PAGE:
The Penn bookends almost feel like a parody of the rest of the movie. The rest of the film feels almost effortless, while the Penn stuff feels like it's straining for profundity.



The creation sequence is amazing, but I was more awed by The New World's depiction of unsullied nature.

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#17

Not even Penn likes the Penn stuff.



The ending in the original script is cool, he basically has this infinite perspective vortex moment where he internalises his place in the history of the universe and the universe's place in the multiverse. Not an easy thing to visualise though, which might be why Malick ended up going for something more abstract.



Quote:
Originally Posted by Malmordo View Post
 

KNIGHT OF CUPS is a personal favorite. Even so, I can understand why many wouldn't take to it.


Would you mind elaborating? It's on Amazon Prime I think so I plan to have another crack at it before too long.

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#18
Quote:

Originally Posted by Paul C View Post


Would you mind elaborating? It's on Amazon Prime I think so I plan to have another crack at it before too long.


Not sure, to be honest. I identify with the main character's spiritual crisis to a certain degree (even though I don't live in L.A. and have no experience in the film industry) and can recognize my relatives in the behavior of the brother/father. The images are wonderful, of course, and so is the music, but I also like the beauty found in locations that would seem garish and tacky in any other context (Vegas). Bale might seem like he's coasting through sections of the movie, but he's able to convey a lot with few words -- late in the house party sequence (w/ Antonio Banderas) he seems to be on the verge of a breakdown, and I found his anxiety to be almost palpable.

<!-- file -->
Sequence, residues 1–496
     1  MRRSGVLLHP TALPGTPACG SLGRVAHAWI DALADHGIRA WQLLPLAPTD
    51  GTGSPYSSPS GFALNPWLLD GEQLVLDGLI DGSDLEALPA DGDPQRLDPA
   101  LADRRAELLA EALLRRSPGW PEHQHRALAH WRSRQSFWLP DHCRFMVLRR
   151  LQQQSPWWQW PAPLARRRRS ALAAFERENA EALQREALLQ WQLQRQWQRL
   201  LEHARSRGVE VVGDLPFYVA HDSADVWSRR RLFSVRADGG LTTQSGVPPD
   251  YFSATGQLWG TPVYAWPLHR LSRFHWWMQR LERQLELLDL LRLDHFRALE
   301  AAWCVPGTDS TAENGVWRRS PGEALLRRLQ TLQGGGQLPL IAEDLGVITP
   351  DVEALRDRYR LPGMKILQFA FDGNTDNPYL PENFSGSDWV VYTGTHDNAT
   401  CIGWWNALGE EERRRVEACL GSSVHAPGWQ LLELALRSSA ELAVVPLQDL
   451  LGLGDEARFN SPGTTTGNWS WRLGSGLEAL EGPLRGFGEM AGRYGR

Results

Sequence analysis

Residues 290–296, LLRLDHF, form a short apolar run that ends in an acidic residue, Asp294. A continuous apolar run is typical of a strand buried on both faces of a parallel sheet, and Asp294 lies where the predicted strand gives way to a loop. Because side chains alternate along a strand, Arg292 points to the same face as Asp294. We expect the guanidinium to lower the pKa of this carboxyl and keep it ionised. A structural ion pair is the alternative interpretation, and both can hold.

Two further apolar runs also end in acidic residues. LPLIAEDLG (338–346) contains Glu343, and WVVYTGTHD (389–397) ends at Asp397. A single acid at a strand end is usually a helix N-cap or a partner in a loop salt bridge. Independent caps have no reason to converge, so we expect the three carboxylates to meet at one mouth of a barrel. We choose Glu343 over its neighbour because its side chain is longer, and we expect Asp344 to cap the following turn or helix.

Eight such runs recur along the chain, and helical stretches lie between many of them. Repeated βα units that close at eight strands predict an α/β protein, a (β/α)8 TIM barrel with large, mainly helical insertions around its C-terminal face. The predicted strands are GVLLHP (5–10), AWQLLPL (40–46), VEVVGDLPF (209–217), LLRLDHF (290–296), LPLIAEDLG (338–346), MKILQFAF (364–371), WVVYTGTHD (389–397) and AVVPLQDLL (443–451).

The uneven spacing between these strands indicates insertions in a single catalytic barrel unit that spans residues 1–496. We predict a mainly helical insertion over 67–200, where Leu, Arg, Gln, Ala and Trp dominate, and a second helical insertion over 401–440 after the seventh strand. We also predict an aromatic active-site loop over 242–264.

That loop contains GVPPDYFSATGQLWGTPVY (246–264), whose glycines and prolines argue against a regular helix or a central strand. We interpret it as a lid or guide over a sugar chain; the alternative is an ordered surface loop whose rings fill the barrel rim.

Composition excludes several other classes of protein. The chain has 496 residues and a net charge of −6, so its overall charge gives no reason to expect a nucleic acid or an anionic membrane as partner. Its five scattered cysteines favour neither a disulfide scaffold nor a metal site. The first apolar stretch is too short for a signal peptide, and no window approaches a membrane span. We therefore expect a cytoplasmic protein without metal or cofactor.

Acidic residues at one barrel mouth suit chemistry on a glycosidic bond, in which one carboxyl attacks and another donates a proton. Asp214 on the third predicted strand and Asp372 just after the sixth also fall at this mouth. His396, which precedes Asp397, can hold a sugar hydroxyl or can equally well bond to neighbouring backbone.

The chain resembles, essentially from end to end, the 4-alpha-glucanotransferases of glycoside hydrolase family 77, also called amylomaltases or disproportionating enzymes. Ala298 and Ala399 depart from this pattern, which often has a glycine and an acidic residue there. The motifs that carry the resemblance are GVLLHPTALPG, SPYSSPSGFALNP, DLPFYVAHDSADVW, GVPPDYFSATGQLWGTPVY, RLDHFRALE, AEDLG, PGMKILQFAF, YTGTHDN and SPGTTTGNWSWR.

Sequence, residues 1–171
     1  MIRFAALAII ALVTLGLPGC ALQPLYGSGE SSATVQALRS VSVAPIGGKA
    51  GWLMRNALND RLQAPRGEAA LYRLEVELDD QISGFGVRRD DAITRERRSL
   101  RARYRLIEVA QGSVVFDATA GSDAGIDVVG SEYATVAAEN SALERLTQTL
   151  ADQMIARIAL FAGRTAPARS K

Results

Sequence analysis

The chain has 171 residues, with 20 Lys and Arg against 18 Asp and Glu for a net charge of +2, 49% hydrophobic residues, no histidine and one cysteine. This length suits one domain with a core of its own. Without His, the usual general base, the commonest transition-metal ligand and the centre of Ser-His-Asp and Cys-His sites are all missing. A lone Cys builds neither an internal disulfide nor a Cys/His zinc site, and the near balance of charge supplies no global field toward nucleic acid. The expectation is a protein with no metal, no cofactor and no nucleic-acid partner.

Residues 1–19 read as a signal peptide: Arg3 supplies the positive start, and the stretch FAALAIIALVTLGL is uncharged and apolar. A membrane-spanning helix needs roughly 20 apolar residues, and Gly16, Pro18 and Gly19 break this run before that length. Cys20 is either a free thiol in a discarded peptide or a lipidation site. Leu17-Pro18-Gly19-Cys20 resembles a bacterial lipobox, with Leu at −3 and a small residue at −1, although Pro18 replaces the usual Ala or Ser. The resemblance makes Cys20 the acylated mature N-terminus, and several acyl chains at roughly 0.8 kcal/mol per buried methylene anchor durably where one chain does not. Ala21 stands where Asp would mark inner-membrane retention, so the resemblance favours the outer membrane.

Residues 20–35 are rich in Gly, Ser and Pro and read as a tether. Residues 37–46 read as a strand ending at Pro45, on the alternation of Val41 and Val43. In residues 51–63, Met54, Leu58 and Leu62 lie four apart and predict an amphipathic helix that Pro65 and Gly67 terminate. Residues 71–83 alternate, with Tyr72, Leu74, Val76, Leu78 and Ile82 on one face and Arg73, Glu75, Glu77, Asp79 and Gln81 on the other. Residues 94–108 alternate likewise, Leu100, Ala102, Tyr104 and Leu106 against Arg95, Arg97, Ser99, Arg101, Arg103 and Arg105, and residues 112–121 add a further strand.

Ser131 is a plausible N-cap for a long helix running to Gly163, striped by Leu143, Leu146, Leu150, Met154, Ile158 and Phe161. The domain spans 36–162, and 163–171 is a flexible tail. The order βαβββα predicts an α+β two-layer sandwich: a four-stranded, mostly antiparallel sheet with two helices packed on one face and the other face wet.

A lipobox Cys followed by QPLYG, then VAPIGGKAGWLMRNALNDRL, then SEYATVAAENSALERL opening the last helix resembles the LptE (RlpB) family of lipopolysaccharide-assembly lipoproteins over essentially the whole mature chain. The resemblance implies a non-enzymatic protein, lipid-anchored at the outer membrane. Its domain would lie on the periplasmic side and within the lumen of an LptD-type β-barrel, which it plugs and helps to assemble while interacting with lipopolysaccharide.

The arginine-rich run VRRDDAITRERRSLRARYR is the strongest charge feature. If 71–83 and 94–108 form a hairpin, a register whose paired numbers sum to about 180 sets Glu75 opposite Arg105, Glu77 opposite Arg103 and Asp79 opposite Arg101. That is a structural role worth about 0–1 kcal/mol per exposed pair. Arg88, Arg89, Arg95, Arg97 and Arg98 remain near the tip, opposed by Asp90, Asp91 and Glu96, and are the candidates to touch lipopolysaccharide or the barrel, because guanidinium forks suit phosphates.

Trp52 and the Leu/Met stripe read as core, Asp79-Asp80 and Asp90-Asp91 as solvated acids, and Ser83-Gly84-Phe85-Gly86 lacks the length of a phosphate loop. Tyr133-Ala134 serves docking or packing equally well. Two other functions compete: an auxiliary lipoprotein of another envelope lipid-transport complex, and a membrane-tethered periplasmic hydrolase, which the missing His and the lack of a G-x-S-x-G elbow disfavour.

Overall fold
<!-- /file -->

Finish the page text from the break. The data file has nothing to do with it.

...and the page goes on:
But how could I possibly recommend this movie? You either go along with it or you don't.

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#19

Knight of Cups was one of the most unbearable cinema experiences I've ever had. According to Bale and Antonio Banderas, there wasn't a script. Making a movie without a script goes against the tenets of filmmaking, IMO - it's like trying to build a house without a foundation. Without a structured story, what we're essentially seeing is "Terry's Home Movies". It's a shame, too, because his older films show that he's a really talented screenwriter. So, if Song to Song is more of the same, count me out.

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#20
A[quote name="Mangy" url="/community/t/159111/terrence-malicks-song-to-song-discussion-thread#post_4251868"]The Penn bookends almost feel like a parody of the rest of the movie.
[/quote]
Yes.

And then every subsequent Malick film has been a lot like those bookends and less like the other stuff.
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#21

I finally finished off Knight Of Cups. It is indeed basically an entire film built around the Penn bits of Tree Of Life - a rich guy wandering around spotless modernist buildings, angsting about his departed brother. Only with a lot more frolicking with elfin beauties.